On his 75th birthday, we look back at rock ‘n’ roll star Eddie Cochran’s short life but long legacy.
The year before Eddie Cochran’s death, he had a premonition that his life would soon end.
In 1959 the pioneering rocker was only 20 years old, but he was already a star. His rockabilly-tinged singles were popular with radio listeners, and he was busy experimenting with new music production techniques like overdubbing and multitrack recording. He had scored his first hit, “Sittin’ in the Balcony,” two years earlier.
As he rose to the top of the charts, Cochran, who was born 75 years ago today, counted among his friends and colleagues some of the superstars of early rock – Gene Vincent, Skeets McDonald, Ritchie Valens, Buddy Holly. And then the unthinkable happened. On Feb. 3, 1959, Holly and Valens, along with The Big Bopper, were killed in a plane crash while on tour. We know the tragedy as “The Day the Music Died,” but for Cochran it was a deeply personal loss, one that left him shaken and scared.
The day after the tragedy, Cochran recorded “Three Stars” as a tribute to his friends. He reportedly had trouble getting through the spoken-word interludes, particularly the segment in which he talks directly to Holly.
After making the tribute, Cochran had a premonition that he too was headed for an early death. He vowed to cut back on touring and spend more time in the studio and for a time, he did. In the year after his friends’ deaths he released several hits, including “Somethin’ Else.”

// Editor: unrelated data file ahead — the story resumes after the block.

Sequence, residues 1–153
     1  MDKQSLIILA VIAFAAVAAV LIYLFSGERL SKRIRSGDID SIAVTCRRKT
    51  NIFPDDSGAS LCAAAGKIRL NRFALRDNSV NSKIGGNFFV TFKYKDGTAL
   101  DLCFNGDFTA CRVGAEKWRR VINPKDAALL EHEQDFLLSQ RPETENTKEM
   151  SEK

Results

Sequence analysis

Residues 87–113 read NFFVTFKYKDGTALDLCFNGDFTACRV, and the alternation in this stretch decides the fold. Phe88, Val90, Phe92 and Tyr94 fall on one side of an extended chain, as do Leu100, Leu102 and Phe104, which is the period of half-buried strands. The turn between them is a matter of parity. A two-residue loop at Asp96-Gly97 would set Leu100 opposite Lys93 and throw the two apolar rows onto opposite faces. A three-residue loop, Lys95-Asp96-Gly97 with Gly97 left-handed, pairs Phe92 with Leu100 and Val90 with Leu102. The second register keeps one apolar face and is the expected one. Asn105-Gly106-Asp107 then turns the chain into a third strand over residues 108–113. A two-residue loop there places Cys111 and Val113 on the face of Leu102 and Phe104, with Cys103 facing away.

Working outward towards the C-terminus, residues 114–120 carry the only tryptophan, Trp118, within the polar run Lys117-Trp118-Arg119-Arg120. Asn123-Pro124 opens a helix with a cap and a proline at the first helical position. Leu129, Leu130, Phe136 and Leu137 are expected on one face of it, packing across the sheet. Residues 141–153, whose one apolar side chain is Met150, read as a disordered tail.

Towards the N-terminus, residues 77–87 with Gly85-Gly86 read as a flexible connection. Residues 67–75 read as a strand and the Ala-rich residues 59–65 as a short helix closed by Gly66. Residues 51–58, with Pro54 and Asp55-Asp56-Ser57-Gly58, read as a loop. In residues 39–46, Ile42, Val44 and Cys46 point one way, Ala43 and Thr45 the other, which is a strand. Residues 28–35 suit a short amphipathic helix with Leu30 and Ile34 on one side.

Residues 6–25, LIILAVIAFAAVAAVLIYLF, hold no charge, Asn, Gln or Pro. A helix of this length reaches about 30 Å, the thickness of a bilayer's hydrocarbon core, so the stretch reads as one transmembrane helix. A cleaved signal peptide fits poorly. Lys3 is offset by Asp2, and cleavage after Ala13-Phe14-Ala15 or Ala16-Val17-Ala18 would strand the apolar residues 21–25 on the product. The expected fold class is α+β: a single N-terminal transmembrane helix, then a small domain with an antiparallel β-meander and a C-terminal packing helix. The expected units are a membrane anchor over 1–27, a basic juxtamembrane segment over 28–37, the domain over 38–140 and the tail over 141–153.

But touring was a crucial part of a 1950s rocker’s life. Cochran needed to play at least a few live dates in order to bring in money to continue recording. So he accepted an offer to tour the U.K. On April 17, 1960, while riding in a cab with his fiancée, Sharon Sheeley, and his friend Gene Vincent, Cochran was killed when the cab driver lost control of the vehicle and crashed into a lamppost. Sheeley and Vincent survived. Cochran was just 21 years old.
Though Cochran died heartbreakingly young, his influence on rock ‘n’ roll was as huge as any lifelong rocker’s. It was one of his songs that brought The Beatles together. Guitarists who were heavily influenced by his style include Pete Townshend, Marc Bolan and Brian Setzer. And dozens of superstars have covered his songs, from The Who to Bruce Springsteen to The White Stripes and beyond. His life was short, but he was a giant of rock ‘n’ roll.
Written by Linnea Crowther. Find her on Google+.
Image via Flickr Creative Commons / Affendaddy